By Cyn Balog
Published 2010 by Delacorte Books for Young Readers
Eron is a Sandman, watching over humans and seducing them to sleep and dream. He is not supposed to have feelings for the humans he is responsible for, but he does. He cannot deny that Julia holds a special sway over him. As he comes to the end of his time as a Sandman and transitions back to the human world, can he find a way to be with Julia? And can he save her from the menace that she doesn't even realize is following her?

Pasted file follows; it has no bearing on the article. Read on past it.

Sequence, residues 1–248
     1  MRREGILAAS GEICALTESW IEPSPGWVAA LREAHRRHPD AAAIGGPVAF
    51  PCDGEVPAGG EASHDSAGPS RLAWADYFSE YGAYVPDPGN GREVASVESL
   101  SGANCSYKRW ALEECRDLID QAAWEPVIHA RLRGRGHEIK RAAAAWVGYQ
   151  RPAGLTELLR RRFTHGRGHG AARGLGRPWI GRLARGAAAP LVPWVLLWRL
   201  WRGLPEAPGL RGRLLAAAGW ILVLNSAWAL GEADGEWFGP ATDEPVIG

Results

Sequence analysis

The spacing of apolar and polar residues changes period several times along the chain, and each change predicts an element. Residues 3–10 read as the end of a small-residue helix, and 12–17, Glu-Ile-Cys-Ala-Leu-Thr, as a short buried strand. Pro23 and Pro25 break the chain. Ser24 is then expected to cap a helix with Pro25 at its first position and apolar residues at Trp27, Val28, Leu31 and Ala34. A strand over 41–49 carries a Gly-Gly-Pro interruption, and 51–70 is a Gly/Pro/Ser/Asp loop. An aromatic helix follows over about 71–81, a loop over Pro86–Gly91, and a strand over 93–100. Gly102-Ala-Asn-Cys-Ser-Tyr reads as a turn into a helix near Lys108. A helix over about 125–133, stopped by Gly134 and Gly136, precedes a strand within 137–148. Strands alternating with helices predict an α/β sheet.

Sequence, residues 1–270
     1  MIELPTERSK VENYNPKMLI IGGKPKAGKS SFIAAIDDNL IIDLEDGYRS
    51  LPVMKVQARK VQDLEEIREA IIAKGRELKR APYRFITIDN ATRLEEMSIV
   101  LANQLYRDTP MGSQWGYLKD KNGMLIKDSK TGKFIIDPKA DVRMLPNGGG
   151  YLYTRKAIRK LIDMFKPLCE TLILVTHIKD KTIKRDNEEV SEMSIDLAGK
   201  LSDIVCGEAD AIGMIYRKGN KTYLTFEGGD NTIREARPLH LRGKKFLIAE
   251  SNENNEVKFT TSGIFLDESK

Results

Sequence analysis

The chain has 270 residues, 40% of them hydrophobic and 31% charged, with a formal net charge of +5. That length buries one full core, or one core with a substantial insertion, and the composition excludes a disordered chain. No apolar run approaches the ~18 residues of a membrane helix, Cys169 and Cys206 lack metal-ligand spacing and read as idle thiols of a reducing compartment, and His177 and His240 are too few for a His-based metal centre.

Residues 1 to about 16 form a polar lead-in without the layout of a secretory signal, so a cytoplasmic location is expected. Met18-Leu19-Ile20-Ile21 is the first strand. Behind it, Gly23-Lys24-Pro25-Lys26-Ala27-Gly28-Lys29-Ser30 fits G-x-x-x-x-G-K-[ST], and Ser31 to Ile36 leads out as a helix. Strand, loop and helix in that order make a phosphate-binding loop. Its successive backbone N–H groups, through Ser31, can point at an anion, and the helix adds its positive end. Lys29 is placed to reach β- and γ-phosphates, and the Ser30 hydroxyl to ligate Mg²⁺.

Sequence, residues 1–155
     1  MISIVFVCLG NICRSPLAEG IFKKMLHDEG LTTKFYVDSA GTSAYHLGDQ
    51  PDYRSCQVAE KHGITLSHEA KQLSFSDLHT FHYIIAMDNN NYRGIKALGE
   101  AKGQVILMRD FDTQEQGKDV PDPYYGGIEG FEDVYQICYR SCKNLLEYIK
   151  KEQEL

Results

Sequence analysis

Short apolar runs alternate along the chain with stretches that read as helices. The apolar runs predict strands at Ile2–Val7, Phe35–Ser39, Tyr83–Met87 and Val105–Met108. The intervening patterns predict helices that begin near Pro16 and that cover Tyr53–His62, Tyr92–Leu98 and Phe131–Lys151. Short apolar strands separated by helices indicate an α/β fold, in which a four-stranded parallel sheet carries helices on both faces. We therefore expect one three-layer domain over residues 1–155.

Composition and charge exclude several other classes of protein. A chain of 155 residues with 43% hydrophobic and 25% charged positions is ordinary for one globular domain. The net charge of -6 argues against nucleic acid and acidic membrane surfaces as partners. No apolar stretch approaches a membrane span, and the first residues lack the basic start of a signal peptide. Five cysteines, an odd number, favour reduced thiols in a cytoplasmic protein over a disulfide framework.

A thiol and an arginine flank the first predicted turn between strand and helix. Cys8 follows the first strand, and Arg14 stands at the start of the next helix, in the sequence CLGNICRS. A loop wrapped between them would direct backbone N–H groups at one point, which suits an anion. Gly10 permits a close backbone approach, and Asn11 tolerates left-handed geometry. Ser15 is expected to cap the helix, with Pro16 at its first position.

I'm pretty sure the notion of an actual Sandman, falling in love with his human charge, is what caught my eye about this book. Even though I don't really remember being told stories about the Sandman when I was a kid, I'm always fascinated by legends and mystical beings. This one caught my eye from the shelf again recently, and I figured it would be a quick read so I took it home. I like the lore of the Sandmen that Balog has created in the story - though, honestly, she may not have created it and may just be repeating bits and pieces of different Sandmen lore, as I'm not too familiar with it. Either way, I liked the way she put it together here. While I found Eron an interesting character who I liked reading about, I thought Julia was a pretty flat character. This was made more frustrating because Eron couldn't really seem to articulate what it was about Julia that drew him to her above all his other charges. I suppose readers are to believe that Eron sees something of himself in her, as well as being reminded of the girl he loved before he became a Sandman. Overall, though, Julia never struck me as a noteworthy character. The whole of the novel pretty much hinges on the fact that Eron is in love with Julia, though he shouldn't be, and will do anything to protect her, particularly once a menacing presence arrives in her life. Surprisingly, the fact that I did not care much about Julia did not entirely ruin the book for me. As I said, I liked the mythology that Balog put together here and I did enjoy Eron. I liked the ending as well, melodramatic as it may have been. I would be interested to read some of Balog's other work, as it all seems to be inspired by fairy lore and mythical beings. Recommended for a quick suspenseful read.